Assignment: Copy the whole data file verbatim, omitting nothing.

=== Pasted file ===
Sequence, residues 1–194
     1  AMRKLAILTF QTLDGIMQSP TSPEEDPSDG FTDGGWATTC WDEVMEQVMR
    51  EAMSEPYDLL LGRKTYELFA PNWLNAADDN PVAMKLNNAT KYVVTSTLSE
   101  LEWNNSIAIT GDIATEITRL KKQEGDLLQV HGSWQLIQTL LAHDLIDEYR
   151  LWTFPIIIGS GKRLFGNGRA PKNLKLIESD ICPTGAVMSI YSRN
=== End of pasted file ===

Sequence, residues 1–194
     1  AMRKLAILTF QTLDGIMQSP TSPEEDPSDG FTDGGWATTC WDEVMEQVMR
    51  EAMSEPYDLL LGRKTYELFA PNWLNAADDN PVAMKLNNAT KYVVTSTLSE
   101  LEWNNSIAIT GDIATEITRL KKQEGDLLQV HGSWQLIQTL LAHDLIDEYR
   151  LWTFPIIIGS GKRLFGNGRA PKNLKLIESD ICPTGAVMSI YSRN